3.1/10
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The Catcher (1998)

Not Rated | | Horror, Sport | 1998 (USA)
In Taft, California, 1981, Johnny (Fred Meyers) is a unassuming baseball hopeful who turned against his stern and demanding father (Joe Estevez) and beat him to death with a baseball bat on... See full summary »
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Cast

Cast overview, first billed only:
... David J. Walker
... Terry Mitchell
... Father / Umpire
... Carl
Leslie Garret ... Beth (as Lesslie Garrett)
Paul Moncrief ... Billy Taylor
James Patterson ... Red Foster
Harley Harkins ... Anthony
Jeff Sorenson ... Wayne Futzner
Mike Kepple ... Howie
... Young Johnny
Wendy Crawford ... Phyllis
Nick Moore ... Tyrone Jackson
Denice Ramage ... Linda
Stephen T. Vanderbeck ... Frost
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Storyline

In Taft, California, 1981, Johnny (Fred Meyers) is a unassuming baseball hopeful who turned against his stern and demanding father (Joe Estevez) and beat him to death with a baseball bat on a baseball diamond field. 17 years later, Johnny is released from the local insane asylum and begins a killing spree, with his father's ghost as an umpire. Written by matt-282

Plot Summary | Add Synopsis

Taglines:

Three Strikes You're Dead.

Genres:

Horror | Sport

Certificate:

Not Rated | See all certifications »
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Details

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Release Date:

1998 (USA)  »

Also Known As:

El catcher  »

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Aspect Ratio:

1.33 : 1
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User Reviews

Strike one, two and three...

Since Black Christmas hit cinemas thirty years ago, the slasher genre has terrorised nearly every form of escapism that humankind has ever known. From holidays to carnivals, trains and houseboats and even ski resorts and building sites have become the stomping ground of an insane killer with some sort of deadly weapon(s) and animosity scalded into his or her heart. It came as a shocking surprise then, when I first discovered that no one had yet decided to put a deranged slasher at America's (second) favourite past time. That's right, surprisingly enough, not one psychopath had yet invaded a Baseball field, despite a glaring amount of victims and potential. Until now… Yes that's right, this authentic but somewhat obscure offering involves a twisted ex-ball player with murder on his mind and a deadly bat in his grip! Who needs a hockey mask when you can wear a helmet? Who needs summer camp, when you can stalk a stadium? And who needs a machete, when a baseball bat can do just as much damage? Guy Crawford and Yvette Hoffman obviously saw the possibilities, and so, here's The Catcher...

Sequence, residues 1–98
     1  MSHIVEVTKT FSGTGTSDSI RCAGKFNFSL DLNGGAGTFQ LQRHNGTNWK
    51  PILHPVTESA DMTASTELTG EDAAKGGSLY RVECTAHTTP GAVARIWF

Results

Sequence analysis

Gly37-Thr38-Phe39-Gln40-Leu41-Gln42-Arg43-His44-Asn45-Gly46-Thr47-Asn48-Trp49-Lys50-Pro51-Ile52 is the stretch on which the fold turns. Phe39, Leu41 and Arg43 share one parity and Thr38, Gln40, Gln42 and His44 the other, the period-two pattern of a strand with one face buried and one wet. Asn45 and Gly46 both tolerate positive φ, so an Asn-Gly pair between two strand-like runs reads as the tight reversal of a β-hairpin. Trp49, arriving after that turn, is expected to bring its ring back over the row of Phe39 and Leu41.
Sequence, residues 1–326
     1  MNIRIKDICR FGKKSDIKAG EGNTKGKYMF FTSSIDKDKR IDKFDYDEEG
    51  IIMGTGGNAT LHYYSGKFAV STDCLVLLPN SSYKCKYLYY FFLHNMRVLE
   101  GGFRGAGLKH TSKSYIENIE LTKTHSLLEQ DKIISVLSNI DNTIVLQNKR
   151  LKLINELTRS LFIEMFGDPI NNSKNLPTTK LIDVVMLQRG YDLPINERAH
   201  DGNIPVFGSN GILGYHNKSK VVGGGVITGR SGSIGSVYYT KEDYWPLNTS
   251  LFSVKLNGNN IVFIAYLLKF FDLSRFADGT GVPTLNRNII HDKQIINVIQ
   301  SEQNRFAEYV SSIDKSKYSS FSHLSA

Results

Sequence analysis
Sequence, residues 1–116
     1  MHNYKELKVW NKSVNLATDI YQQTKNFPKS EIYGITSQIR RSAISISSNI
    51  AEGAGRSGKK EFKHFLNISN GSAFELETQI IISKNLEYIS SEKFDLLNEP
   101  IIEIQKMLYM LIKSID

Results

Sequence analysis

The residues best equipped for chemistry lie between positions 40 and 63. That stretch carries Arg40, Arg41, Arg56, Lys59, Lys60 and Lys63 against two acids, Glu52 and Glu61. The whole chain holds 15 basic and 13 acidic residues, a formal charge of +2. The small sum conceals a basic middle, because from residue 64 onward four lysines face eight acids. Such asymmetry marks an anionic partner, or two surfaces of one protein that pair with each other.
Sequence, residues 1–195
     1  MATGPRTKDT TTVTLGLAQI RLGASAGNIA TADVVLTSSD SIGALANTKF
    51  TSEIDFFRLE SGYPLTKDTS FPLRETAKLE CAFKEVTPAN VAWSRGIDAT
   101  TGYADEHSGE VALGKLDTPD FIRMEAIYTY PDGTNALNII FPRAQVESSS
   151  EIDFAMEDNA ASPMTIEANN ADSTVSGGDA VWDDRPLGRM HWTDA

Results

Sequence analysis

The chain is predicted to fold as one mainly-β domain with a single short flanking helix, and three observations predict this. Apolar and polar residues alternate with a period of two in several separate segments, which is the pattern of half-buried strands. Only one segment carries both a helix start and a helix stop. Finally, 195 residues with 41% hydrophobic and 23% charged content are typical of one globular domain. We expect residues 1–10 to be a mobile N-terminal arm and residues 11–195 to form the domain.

It begins in 1981, Taft California. The camera pans down on a boy and his dad playing catch in their front garden outside a neat little house in a bright and tidy street. The plump elder hurls the eager kiddie a fast ball, which he accidentally drops, much to the dislike of his grouchy father. `I thought you said you were gonna catch it' he shouts threateningly. He continues to holler abuse at the youngster until eventually the child looses his patience and beats him to death with a handy baseball bat. Next we head to the compounds of The Devils' stadium, presumably some time in the future. (We never find out for sure.) ‘The Devils' have been unable to recover from a slump that the players believe is down to the performance of David Walker (David Heavener), their one-time top hitter for the club. It's the last day of the season and Walker has already been thrown out of the game and whilst he's waiting to say good-bye to his teammates, his girlfriend enters the locker room to tell him that she's leaving him. As if that wasn't enough of an excuse to turn someone into a homicidal masked-maniac, next up he finds out that his new manager (Monique Parent) is about to sack him. (Well, we all get days like that, don't we!) Before long, a mysterious killer begins slaughtering the sportsmen one by one using various macabre methods. Is it Dave Walker getting revenge for being fired? Or has someone else got something against the players?